Friday, September 30, 2011

Great things about being blind. Learning to sign.

Okay, I don't mean learning to sign as in sign language although I have attempted that too. Learning to sign my name. It was tricky. Every morning in grade eight we practiced it. I was told how to make each line using an empty braille cell for orientation. K for example is straight up the left side of the cell, back down to the middle, up to the right on a slant. Back to the mddle on the left, then down on a slant to the bottom right. Make sense? It did to me. Tomorrow, learning to type.

Thursday, September 29, 2011

Great things about being blind. There's something on your shirt?

So, someone asked me the other day, "If I saw that your shirt was on inside out, if your clothes didn't match, if you had spilled something on your shirt, should I say something?" We all struggle with this right? We see someone with one of these things and don't quite know if we should say something. Well, I never have that problem but my answer to you is yes please say something. Not loud and embarrassingly but on the side. I do really appreciate it. Otherwise, I might just stroll into a job interview like that or something.

Wednesday, September 28, 2011

Great things about being blind. Getting my signature.

Someone asked about how to show a blind person where to sign a document. For someone who is totally blind like me, a very good way is to put something just below the line. Like a a credit card. That way I can feel where the signature line is. I often carry signature guides with a hole in the middle. You can then place the card on the paper with the line in the hole. Makes life a lot easier and you don't have to worry about me signing in the wrong place. Tomorrow, how I learned to sign my name.

Tuesday, September 27, 2011

Performing tonight at the tea party cafe

I'm performing tonight with another storyteller at the tea party cafe in Ottawa 119 york street. Wonderful tea, goodies, conversation, small and friendly atmosphere. We each have two stories. If you want to find out from me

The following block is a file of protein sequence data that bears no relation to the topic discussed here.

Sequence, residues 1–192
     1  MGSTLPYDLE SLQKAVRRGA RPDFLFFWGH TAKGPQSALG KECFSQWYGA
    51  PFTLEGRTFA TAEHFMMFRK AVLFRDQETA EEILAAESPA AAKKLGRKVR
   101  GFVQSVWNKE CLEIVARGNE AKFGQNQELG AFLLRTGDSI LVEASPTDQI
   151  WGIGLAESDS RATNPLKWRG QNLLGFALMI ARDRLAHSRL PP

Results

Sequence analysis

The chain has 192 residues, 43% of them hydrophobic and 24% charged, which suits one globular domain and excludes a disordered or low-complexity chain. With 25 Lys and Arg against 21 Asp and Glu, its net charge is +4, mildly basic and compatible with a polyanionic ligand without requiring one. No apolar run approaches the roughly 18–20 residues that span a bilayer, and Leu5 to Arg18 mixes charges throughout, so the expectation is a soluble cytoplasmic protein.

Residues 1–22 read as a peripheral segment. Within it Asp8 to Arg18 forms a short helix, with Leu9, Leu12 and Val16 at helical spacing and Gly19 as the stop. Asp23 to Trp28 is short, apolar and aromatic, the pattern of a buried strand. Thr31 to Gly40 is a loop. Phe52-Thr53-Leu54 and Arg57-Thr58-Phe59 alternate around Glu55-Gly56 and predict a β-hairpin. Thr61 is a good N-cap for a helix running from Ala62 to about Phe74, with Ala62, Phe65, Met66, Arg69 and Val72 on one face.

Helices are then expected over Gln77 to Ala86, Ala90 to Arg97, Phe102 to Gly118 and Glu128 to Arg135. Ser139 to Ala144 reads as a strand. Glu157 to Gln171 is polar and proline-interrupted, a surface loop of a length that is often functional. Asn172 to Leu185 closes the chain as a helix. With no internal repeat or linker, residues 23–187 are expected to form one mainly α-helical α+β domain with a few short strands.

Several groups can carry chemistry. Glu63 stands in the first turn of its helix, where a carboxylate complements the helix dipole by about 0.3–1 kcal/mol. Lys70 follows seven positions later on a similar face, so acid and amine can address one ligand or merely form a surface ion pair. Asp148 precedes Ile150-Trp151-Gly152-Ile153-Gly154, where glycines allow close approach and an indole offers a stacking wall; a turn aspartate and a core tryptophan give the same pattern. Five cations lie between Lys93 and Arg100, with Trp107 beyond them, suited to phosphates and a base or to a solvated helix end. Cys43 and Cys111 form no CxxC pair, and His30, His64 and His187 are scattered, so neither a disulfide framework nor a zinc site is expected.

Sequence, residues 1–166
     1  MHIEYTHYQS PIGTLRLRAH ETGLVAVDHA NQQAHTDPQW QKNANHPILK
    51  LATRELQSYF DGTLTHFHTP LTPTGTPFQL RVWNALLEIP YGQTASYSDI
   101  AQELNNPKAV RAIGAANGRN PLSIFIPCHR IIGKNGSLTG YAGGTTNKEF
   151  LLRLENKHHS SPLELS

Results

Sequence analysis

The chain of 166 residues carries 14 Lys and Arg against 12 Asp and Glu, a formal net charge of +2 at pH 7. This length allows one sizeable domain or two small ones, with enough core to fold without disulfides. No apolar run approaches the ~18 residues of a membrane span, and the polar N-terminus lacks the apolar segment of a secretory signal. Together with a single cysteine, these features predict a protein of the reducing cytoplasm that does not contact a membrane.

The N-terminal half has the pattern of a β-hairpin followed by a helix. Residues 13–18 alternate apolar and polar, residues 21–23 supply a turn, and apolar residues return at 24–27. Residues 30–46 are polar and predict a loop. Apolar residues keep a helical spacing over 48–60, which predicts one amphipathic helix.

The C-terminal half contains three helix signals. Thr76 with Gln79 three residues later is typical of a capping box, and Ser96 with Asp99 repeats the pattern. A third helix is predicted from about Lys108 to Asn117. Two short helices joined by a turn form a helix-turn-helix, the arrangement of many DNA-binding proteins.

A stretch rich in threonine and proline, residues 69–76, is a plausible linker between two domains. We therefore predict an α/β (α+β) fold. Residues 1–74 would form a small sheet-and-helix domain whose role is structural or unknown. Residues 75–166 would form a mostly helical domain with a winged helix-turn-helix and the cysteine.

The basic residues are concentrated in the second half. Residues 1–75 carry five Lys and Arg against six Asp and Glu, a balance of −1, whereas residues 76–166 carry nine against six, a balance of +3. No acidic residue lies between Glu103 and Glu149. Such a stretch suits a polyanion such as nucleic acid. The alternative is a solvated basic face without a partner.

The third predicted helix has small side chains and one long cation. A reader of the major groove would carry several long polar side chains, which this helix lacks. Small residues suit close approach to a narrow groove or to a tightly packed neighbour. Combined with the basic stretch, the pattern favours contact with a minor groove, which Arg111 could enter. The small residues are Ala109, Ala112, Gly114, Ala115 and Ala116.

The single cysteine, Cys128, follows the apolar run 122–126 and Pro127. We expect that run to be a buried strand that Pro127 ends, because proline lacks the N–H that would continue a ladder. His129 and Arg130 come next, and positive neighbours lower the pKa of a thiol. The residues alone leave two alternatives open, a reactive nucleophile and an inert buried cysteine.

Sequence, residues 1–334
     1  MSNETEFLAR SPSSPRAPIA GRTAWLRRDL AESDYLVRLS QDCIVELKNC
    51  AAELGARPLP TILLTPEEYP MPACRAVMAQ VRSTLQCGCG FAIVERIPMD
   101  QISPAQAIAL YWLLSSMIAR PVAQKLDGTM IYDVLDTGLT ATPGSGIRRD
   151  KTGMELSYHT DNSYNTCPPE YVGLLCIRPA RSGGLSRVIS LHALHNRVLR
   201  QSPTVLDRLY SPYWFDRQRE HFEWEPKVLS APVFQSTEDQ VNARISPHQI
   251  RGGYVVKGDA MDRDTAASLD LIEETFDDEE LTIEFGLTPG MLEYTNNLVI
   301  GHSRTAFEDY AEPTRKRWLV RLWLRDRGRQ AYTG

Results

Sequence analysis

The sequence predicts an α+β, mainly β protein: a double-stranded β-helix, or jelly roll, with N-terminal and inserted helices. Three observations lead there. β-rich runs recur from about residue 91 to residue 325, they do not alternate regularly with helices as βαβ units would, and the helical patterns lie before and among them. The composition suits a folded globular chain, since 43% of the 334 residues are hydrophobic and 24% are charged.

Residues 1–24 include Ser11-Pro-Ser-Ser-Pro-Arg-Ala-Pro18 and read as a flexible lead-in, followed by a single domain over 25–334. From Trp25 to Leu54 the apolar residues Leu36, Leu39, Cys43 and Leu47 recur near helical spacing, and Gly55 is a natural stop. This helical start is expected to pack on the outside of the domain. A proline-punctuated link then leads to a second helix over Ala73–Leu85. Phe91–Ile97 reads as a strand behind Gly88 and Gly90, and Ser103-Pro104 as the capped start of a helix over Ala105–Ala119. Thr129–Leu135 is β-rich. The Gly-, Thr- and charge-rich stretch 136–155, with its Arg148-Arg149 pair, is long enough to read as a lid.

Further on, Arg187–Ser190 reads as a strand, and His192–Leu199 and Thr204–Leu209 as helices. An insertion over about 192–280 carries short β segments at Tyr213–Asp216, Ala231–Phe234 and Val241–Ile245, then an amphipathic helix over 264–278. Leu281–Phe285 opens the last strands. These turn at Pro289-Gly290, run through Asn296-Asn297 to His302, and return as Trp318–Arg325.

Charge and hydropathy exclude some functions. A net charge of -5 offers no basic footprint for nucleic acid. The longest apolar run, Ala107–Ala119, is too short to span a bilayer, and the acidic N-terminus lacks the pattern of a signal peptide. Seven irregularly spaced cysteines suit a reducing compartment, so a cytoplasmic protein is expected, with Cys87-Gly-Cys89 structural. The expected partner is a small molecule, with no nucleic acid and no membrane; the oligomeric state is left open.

What was my first job?
What was so unique about my boss?
Who made a bunch of blind kids cry?
Come and hear the tales.

Storytelling workshop begins again.

I've begun delivering my second storytelling workshop on autobiographical storytelling. what an interesting group and wonderful participation. I learn so much from doing this. We are in a new wonderful location and I enjoyed myself so much. You always learn a lot when you teach.

Great things about being blind. Kibble for the guide dogs.

Yesterday, I went to a new location to start teaching a storytelling workshop. My friend met me at the bus stop and showed me the way there and back to my other bus stop after. So, I had to find three new bus stops and a new building. I used back chaining and food rewards and my guide picks things up so fast. It is easy for a blind person to do too. find the door, bus pole, with a cane or someone show it to you. Feed the dog there. Step back two steps hold the leash and see if she surges towards it. She almost always does. More food. Back a little further, surge, more food. Then back to the corner and work to the pole or steps. She finds it like magic. How wonderful this is.

Monday, September 26, 2011

Great things about being blind. Accessible voting.

Yesterday, I voted in advance for our upcoming provincial election. I went to the station and they had an accessible voting machine there for me. They had to set it up first but once it was set up, it was wonderful. It talked me through the whole process, had large tactile buttons, confirmed my voting choice and then printed the ballot. It was absolutely wonderful and I could do it totally independently. How wonderful that is. It's about time.